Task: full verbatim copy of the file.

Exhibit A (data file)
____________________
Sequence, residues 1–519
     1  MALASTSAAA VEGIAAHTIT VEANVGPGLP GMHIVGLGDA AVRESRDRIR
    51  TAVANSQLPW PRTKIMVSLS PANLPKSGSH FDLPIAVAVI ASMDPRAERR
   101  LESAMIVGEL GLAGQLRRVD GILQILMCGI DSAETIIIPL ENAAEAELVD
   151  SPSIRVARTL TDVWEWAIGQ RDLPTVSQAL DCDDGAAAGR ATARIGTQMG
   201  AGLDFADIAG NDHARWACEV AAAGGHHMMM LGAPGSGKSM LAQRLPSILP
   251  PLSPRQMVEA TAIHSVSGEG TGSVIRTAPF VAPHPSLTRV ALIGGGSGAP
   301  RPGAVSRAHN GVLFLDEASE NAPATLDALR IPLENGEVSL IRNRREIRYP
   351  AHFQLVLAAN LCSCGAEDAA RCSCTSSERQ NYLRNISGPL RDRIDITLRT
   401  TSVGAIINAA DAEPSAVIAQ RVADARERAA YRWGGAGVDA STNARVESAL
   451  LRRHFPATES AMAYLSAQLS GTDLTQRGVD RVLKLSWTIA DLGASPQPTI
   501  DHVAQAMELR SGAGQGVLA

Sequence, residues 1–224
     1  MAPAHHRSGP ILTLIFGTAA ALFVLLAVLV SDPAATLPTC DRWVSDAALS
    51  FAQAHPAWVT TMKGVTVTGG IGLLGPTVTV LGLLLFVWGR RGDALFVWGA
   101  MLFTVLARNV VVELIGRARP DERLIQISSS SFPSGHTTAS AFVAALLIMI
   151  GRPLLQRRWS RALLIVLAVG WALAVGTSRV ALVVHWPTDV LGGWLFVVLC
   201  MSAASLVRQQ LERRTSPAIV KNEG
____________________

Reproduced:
Sequence, residues 1–519
     1  MALASTSAAA VEGIAAHTIT VEANVGPGLP GMHIVGLGDA AVRESRDRIR
    51  TAVANSQLPW PRTKIMVSLS PANLPKSGSH FDLPIAVAVI ASMDPRAERR
   101  LESAMIVGEL GLAGQLRRVD GILQILMCGI DSAETIIIPL ENAAEAELVD
   151  SPSIRVARTL TDVWEWAIGQ RDLPTVSQAL DCDDGAAAGR ATARIGTQMG
   201  AGLDFADIAG NDHARWACEV AAAGGHHMMM LGAPGSGKSM LAQRLPSILP
   251  PLSPRQMVEA TAIHSVSGEG TGSVIRTAPF VAPHPSLTRV ALIGGGSGAP
   301  RPGAVSRAHN GVLFLDEASE NAPATLDALR IPLENGEVSL IRNRREIRYP
   351  AHFQLVLAAN LCSCGAEDAA RCSCTSSERQ NYLRNISGPL RDRIDITLRT
   401  TSVGAIINAA DAEPSAVIAQ RVADARERAA YRWGGAGVDA STNARVESAL
   451  LRRHFPATES AMAYLSAQLS GTDLTQRGVD RVLKLSWTIA DLGASPQPTI
   501  DHVAQAMELR SGAGQGVLA

Sequence, residues 1–224
     1  MAPAHHRSGP ILTLIFGTAA ALFVLLAVLV SDPAATLPTC DRWVSDAALS
    51  FAQAHPAWVT TMKGVTVTGG IGLLGPTVTV LGLLLFVWGR RGDALFVWGA
   101  MLFTVLARNV VVELIGRARP DERLIQISSS SFPSGHTTAS AFVAALLIMI
   151  GRPLLQRRWS RALLIVLAVG WALAVGTSRV ALVVHWPTDV LGGWLFVVLC
   201  MSAASLVRQQ LERRTSPAIV KNEG